Displeased over the way their journalists are portrayed in the film, Atlanta Journal-Constitution demands the director and the studio to issue a statement about the dramatization of some events.
AceShowbiz –Clint Eastwood and the studio bosses behind his new film have been named in a defamation lawsuit threat filed by the publishers of an Atlanta, Georgia newspaper.
The movie, “Richard Jewell“, focuses on the events surrounding the discovery of a bomb at the 1996 Olympics and the security guard who found it, who was initially hailed a hero until a media report suggested he may have planted the bomb. As a result, the security guard became one of the most persecuted people in America overnight.
Newspaper bosses at the Atlanta Journal-Constitution are unhappy with the way their journalists, especially Kathy Scruggs, are portrayed in the film. Scruggs, played by Olivia Wilde, broke the story that suggested Jewell may have planted the explosive.
“It is highly ironic that a film purporting to tell a tragic story of how the reputation of an FBI suspect was grievously tarnished appears bent on a path to severely tarnish the reputation of the AJC, a newspaper with a respected 150-year-old publishing legacy,” a letter from attorney Marty Singer to Warner Bros. executives and Eastwood on behalf of the publication reads.
“The ‘Richard Jewell’ film falsely portrays the AJC and its personnel as extraordinarily reckless, using unprofessional and highly inappropriate reporting methods, and engaging in constitutional malice by recklessly disregarding information inconsistent with its planned reporting.”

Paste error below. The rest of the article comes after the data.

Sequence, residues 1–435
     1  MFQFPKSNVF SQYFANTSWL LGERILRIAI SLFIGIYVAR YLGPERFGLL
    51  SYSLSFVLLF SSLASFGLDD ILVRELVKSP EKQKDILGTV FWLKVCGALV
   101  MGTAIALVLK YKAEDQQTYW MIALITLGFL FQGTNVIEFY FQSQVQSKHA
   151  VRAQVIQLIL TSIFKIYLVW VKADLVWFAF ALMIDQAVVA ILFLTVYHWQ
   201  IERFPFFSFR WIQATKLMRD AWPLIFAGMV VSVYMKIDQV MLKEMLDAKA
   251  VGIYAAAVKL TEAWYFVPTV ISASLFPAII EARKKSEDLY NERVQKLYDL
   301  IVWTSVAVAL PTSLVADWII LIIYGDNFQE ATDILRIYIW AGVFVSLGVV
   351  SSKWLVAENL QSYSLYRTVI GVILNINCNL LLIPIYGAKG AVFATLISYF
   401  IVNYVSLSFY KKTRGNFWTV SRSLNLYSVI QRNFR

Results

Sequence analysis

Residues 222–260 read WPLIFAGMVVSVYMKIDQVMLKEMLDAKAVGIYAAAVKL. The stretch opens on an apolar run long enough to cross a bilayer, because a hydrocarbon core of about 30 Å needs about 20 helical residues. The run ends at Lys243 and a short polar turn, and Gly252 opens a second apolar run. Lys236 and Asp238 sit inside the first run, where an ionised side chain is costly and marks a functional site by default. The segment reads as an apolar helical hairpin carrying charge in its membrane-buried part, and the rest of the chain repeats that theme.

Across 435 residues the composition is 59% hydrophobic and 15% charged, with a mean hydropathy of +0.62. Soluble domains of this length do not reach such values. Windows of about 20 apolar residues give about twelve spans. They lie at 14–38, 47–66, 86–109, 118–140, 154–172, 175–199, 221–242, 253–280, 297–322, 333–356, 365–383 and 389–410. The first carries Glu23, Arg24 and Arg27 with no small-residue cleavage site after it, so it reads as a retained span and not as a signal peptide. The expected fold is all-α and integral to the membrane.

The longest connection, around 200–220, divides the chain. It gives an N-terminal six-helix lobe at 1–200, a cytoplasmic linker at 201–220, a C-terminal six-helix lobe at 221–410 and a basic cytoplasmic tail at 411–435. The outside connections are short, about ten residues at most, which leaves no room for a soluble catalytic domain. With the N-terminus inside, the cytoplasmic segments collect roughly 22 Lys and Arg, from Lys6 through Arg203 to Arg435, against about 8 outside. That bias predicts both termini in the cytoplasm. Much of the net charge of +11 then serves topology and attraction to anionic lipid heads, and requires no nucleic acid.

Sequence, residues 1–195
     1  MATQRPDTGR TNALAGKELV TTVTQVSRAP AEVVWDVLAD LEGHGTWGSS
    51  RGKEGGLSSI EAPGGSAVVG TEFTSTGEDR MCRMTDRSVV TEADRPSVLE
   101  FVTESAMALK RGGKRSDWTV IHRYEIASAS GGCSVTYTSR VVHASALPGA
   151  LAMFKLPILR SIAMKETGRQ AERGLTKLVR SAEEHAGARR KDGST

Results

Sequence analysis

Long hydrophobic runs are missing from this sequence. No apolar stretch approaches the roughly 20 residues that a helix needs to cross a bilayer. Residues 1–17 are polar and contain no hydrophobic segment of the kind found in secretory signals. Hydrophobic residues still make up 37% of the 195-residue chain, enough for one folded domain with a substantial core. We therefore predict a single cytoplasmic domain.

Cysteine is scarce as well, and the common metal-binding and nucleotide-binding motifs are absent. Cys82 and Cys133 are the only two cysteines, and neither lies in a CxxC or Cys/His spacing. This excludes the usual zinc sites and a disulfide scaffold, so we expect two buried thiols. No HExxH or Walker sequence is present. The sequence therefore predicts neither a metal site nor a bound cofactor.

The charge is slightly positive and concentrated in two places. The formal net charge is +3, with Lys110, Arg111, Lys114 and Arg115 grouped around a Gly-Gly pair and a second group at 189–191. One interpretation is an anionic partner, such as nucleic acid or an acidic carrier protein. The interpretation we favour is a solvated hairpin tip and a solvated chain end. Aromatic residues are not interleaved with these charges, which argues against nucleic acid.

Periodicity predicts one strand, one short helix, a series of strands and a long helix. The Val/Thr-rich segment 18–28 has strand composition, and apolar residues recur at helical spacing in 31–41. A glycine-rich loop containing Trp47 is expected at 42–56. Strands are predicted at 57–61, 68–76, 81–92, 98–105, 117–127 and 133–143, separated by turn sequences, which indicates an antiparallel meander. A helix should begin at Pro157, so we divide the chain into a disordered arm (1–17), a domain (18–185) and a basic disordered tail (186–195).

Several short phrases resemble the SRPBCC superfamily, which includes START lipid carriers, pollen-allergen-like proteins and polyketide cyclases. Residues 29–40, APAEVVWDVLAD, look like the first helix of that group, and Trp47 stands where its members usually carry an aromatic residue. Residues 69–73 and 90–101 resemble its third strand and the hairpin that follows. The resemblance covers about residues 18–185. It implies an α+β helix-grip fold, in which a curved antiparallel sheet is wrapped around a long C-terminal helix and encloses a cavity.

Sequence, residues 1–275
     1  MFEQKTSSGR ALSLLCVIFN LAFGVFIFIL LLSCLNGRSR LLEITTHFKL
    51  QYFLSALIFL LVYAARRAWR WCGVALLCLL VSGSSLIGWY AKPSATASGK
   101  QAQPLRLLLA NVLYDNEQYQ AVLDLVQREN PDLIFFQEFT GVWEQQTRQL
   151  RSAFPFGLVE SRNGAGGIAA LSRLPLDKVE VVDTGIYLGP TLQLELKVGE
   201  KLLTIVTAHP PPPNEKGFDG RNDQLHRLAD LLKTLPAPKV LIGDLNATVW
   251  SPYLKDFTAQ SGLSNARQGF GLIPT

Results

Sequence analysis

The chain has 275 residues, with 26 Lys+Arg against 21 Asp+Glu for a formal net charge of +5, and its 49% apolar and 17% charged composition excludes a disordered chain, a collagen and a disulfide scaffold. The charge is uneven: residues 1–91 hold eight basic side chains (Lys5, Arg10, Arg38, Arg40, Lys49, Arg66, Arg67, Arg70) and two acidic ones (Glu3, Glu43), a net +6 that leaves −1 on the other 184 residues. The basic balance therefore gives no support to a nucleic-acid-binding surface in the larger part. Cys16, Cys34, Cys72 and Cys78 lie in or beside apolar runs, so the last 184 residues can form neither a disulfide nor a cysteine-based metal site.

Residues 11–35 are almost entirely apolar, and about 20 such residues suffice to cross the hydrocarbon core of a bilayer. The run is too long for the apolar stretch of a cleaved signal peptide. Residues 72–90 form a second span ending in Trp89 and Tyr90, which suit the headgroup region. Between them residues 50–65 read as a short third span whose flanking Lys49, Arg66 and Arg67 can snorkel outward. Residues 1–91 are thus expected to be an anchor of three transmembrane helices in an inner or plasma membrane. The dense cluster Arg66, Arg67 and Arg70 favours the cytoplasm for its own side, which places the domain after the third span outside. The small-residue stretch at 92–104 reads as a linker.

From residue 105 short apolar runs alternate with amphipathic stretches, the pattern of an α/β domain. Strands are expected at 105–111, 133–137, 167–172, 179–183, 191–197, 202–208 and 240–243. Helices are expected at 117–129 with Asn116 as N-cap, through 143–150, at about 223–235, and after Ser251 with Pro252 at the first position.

“This, too, is the height of irony, since all those involved in the film’s creation and dissemination and its false portrayal of the AJC are the ones who have acted recklessly and are engaging in constitutional malice.”
In the letter, first obtained by Deadline, Singer adds: “Since the film will be released internationally, my clients do not need to satisfy constitutional malice criteria for a successful defamation lawsuit in various jurisdictions including, but not limited to, the U.K., France, and Australia. My clients will simply need to establish that statements in the film are false and that it is defamatory by harming my client’s reputation, one of the finest newspapers in the world.”
As a result, the lawyer is demanding that studio executives “immediately issue a statement publicly acknowledging that some events were imagined for dramatic purposes and artistic license and dramatization were used in the film’s portrayal of events and characters”.
“We further demand that you add a prominent disclaimer to the film to that effect,” he adds.
The movie hits cinemas this weekend, begins December 13.
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